2. Nike and Jordan have come with Ortholite insoles pretty regularly now. Those insoles are great for step-in comfort as well as its antimicrobial properties. However, its not cushion. Its just fluffy open-celled foam. I wish shoes would come with PU insoles or insoles with additional EVA heel and forefoot pods like they used to. Those were the best to maximize support and comfort.

      1. i feel you, the ortholite ‘fluffiness’ wears down really fast, too…..there hasn’t really been a basketball shoe with a decent insole in a minute now, to be honest, correct me if i’m wrong

  6. I think based on the above, this shoe serves its purpose, hence, I will rate the Nike Hyperdunk 2017 4 out of 5. Do you guys agree with my rating?

  7. I found the REACT felt better the second spin in them. I even go as far as to say it was comfortable. Don’t know if it broke in a little, or what? But agreed, that first wear was brutal especially if you’re used to zoom. Didn’t have any post game aches but was definitely questioning my purchase for a minute,

  8. Curious to know if larger shoes have smaller insoles? I ordered a size 16 for my son, but the insoles are only a size 14, MAYBE a 15, but the stop about an inch or so short from the end of the shoe

  9. Just had my first game in them today, zero break in time and they felt great. Being 140 I don’t think the lack of cushioning was an issue. Felt like just enough without feeling slow.

    Fit, support and overall comfort was great in that you don’t worry about the shoe after a while and can just play.

    My opinion is if you get sore knees from playing there are probably issues with your running gait (heel strike) and how you land after jumping (not bending your knees). I’d look at addressing them rather than using a shoe or orthotic. Understand bigger players may likely need better cushioning, but just a thought regarding those with knee issues.

  10. Great review. Since I have a Plantea fascitis since a couple of days, wanted to ask if someone knows whether these are okay with that issue? I tried the PG1´ s too, but felt like they are too hard in the heel section since there is no Zoom, is it? Also i´m a wode footer, so the toe are is quite narrow for me. Just not sure which shoe is better, doc said just not to choose to soft cushions. I had the D Rose 6, it was like walking on clouds but well, also felt they were almost too soft and for sure a bit bulky. Any thoughts or recommendations on that would help a lot, thanks guys!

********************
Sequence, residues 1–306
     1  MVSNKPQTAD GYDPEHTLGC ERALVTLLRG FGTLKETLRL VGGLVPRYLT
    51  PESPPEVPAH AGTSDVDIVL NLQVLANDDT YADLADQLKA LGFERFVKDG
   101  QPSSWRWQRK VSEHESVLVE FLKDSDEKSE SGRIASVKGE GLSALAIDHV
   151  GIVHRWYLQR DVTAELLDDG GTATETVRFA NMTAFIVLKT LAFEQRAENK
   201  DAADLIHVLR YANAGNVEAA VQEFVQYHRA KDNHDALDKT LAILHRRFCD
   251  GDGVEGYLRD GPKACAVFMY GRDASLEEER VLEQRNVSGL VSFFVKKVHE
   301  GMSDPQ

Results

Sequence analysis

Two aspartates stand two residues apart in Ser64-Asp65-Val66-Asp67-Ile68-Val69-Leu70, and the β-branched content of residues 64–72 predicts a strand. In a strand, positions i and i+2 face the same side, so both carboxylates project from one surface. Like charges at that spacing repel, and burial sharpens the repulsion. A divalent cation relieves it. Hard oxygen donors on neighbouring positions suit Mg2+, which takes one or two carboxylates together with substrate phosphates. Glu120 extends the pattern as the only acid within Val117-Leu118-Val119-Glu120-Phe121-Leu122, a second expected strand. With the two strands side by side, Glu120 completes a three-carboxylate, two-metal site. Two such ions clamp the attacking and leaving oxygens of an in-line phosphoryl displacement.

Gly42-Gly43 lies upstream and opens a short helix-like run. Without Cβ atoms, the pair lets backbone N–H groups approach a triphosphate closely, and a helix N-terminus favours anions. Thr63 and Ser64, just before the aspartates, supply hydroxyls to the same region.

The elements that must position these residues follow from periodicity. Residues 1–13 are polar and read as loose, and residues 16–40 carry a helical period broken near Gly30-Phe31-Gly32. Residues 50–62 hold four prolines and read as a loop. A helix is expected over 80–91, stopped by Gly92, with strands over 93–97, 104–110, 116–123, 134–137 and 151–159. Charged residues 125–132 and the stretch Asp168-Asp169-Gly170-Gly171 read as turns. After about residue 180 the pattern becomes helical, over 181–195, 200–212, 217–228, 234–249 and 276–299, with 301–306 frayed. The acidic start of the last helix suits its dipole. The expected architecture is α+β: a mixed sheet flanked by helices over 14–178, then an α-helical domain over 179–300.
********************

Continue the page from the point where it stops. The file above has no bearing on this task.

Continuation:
1. Plantar faciitis source of problem is when u wear too flexible shoes. HD 2017 is a good choice since the midfoot support is firmer

  11. I’m a tennis pro who use to like to wear basketball shoes when I played while I was playing both bball and tennis. Have on worn tennis specific shoes for years. Have thought about trying some bball shoes ( only lows ) thinking that may feel softer due to more cushioning and softer rubber bottoms. I’m 60yrs old now and not concerned if the rubber wears down fast if they provide my feet more comfort and cushion. I always add insoles. .

    Anyone bring some knowledge to how I might like these comparatively.????

    Tried them on in the store and they felt good.

  12. Hey guys, the insoles seem to come out pretty easy…can you buy extra insoles anywhere for when they wear out or do most of you 1) take them out and put in other insoles 2) play on the originals 3) put in other insoles on top of the originals?

    I wear them out pretty fast and then it just becomes a nightmare taping down other insoles on top of the originals. Looking for best practices. Thanks

  13. Had these for two weeks. Great shoes BUT ventilation non existent like he mentioned in review. For me, this was a deal-breaker big time. Went back to Kobe 11s.

  14. Well, I learned my lesson with these. My feet ache like crazy every time I wear these. They’re going back. I’ve never had a bball shoe cause me so much discomfort. Coming from the Crazy Explosive 2016, the switch has been laughable. Spot on with the biggest weakness of this shoe.